Dee Dee wrote: “Ok, I don’t really know if this is a problem or not. Maybe you can help.
I like to compliment strangers. Maybe not every day but often. I work with people so I’m around them a lot. I do it with no agenda or motive or any particular intentions. Of course, I find myself doing this to women far more than to men. Just innocuous things like, “Oh, I like that fun polka dot bow in your hair!” or “Young lady, I must say your eyes are SO bright and blue. Wow!”
I don’t *think* I come off as a lecherous creep but you never know, I suppose. My GF sees this and either rolls her eyes or calls it my harmless “friendly flirting”. Sometimes she even says this is a nice quality, that I like to engage people and make everyone feel special. But you never know who takes it another way.
If a woman I’m randomly complimenting is with a suitor, I always acknowledge them, too, in an attempt to come off as polite and, well, NOT creepy.
I even notice myself doing this while watching TV! I’ll tell the missus, “Hey, I like the dress that actress is wearing” or “She’s really cute with that haircut.” This one kinda constant.
I’m becoming a little self conscious of this behavior and, in this day and age, I’m afraid of being out of line. Is what I think of as friendly chit-chat and compliments actually sexist/chauvinistic or just plain creepy? Do I need to scale this kind of thing back? Or am I being paranoid?”
Liz says: Based on the examples you have given me, no, you’re not being creepy or chauvinistic, and no, you’re not being paranoid to wonder these things. It’s a good thing when someone tries to look at themselves from an outside point-of-view. That is one way how we learn and grow, usually for the better.
What has our society become when we can’t compliment each other? Compliments are an easy way to brighten someone’s day, as long as they’re not backhanded (“I wish I had the bravery you do to not color my gray hair.”)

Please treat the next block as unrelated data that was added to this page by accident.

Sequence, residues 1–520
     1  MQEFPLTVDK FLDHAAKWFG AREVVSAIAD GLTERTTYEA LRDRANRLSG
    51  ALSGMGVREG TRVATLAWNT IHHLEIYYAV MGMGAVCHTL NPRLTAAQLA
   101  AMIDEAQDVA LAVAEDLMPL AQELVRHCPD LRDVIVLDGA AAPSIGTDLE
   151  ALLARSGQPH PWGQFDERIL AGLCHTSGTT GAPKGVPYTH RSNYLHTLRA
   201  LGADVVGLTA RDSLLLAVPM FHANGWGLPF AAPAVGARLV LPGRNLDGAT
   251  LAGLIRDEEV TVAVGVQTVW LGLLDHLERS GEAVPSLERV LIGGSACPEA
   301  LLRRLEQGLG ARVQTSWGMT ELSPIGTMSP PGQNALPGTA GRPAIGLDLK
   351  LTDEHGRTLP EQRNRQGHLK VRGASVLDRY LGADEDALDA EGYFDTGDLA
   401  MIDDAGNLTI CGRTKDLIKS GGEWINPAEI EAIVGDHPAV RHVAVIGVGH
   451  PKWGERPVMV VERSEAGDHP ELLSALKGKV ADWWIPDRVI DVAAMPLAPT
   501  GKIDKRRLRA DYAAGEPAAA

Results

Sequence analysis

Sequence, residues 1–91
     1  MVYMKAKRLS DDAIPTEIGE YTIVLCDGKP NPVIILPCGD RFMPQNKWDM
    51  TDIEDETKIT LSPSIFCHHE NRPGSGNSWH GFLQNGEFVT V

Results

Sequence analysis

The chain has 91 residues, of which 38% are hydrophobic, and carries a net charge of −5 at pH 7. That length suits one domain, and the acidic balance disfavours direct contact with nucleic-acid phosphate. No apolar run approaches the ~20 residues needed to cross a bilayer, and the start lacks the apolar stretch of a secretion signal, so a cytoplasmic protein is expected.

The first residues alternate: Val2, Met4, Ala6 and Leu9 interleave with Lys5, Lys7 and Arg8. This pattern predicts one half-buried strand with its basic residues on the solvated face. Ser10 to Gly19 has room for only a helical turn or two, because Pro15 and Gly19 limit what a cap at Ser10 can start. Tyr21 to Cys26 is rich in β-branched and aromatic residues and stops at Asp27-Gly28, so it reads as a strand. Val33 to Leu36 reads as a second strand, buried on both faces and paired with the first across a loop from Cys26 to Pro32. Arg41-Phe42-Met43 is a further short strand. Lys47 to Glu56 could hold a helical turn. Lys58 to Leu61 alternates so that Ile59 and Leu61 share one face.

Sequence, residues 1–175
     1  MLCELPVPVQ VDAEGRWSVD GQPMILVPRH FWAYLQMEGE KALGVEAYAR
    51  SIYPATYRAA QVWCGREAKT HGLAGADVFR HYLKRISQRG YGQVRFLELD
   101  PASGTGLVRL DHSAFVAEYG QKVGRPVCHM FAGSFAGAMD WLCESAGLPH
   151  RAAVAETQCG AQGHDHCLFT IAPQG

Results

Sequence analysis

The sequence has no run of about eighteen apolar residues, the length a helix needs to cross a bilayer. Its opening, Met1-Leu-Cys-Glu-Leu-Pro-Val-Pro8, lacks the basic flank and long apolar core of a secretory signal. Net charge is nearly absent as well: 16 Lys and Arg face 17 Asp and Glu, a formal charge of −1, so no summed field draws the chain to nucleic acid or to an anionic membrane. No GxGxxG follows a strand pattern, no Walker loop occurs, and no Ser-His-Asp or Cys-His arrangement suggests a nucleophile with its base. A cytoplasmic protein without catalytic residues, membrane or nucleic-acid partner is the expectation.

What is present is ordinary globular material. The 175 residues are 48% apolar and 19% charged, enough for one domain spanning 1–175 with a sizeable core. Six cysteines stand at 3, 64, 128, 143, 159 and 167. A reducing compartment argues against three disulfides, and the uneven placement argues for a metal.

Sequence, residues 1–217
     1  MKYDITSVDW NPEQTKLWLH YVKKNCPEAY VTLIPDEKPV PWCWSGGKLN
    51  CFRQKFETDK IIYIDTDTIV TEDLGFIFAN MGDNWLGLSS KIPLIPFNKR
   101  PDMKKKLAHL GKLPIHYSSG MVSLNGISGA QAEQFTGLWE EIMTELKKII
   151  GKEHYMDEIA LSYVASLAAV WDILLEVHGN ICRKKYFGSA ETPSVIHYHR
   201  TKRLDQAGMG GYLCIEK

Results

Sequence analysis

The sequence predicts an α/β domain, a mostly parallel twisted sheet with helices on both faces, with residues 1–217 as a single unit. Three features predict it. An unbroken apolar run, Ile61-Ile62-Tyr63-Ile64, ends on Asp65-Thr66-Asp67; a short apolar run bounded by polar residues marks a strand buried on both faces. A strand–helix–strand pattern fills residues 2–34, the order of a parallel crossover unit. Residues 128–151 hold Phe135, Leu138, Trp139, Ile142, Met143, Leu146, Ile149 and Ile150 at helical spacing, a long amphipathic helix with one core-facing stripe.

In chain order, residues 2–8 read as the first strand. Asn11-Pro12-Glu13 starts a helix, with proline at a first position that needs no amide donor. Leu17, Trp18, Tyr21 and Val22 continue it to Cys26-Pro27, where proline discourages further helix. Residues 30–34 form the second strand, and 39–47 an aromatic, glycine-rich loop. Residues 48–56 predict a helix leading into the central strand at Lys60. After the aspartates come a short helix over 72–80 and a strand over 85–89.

But I understand why you wonder if you come off as inappropriate. For one, in our culture it’s too easy for compliments to be mistaken for sexual or romantic interest. I once complimented a stranger on his colorful tie. All I said was something to the effect of “I really like your tie, the bold colors are eye-catching.” He paused, then coldly said “My wife got it for me.” He didn’t thank me, which is always rude, but I got the impression he only mentioned his wife because he mistook my compliment for flirtation. He wanted me to know he’s already spoken for. I was annoyed because there was nothing in the tone of my voice or body language that justified that assumption. And it’s not like we were in a bar and I approached him, he was a customer in the shop I was working at and I had been answering one of his questions.
On top of the person you’re complimenting mistaking your intentions, if you have a significant other you have to be concerned with how they perceive your behavior. It sounds like your girlfriend can see that your tendency toward flattery is innocent, so you’re good there. But if your girlfriend sensed that others were often mistaking your flattery for flirtation and she asked you to cut back and you didn’t, that would signal a lack of respect for her feelings and role in your life.
As with everything, context matters. When POTUS Donald Trump was in the news for complimenting the French President’s wife (“She’s in such great physical shape”) it was because in light of his past, it came off as lecherous. He has a long history of overvaluing women for their appearances and undervaluing them for their abilities and intelligence. Plus, the timing was off. Not to mention he complimented her body, not her clothing or friendliness, for example. When you, Dee Dee, are complimenting people you tend to focus on their clothing choices, which is telling them “I like your style!” But if you focus on their body, it can feel like the person is undressing you with their eyes, which can feel creepy depending on the context.
Other examples of context making certain compliments inappropriate or creepy: Boss/Employee relationships, Doctor/Patient relationships, shouting compliments to a woman who is clearly walking to get somewhere on the street, or complimenting minors.
You’ve clearly put thought into your actions by making sure you also pay attention to the boyfriends or husbands of these women. I think your girlfriend has it right when she says it’s a nice quality that you make people feel special. Letting others know that their taste or personality is appreciated is something that should happen more!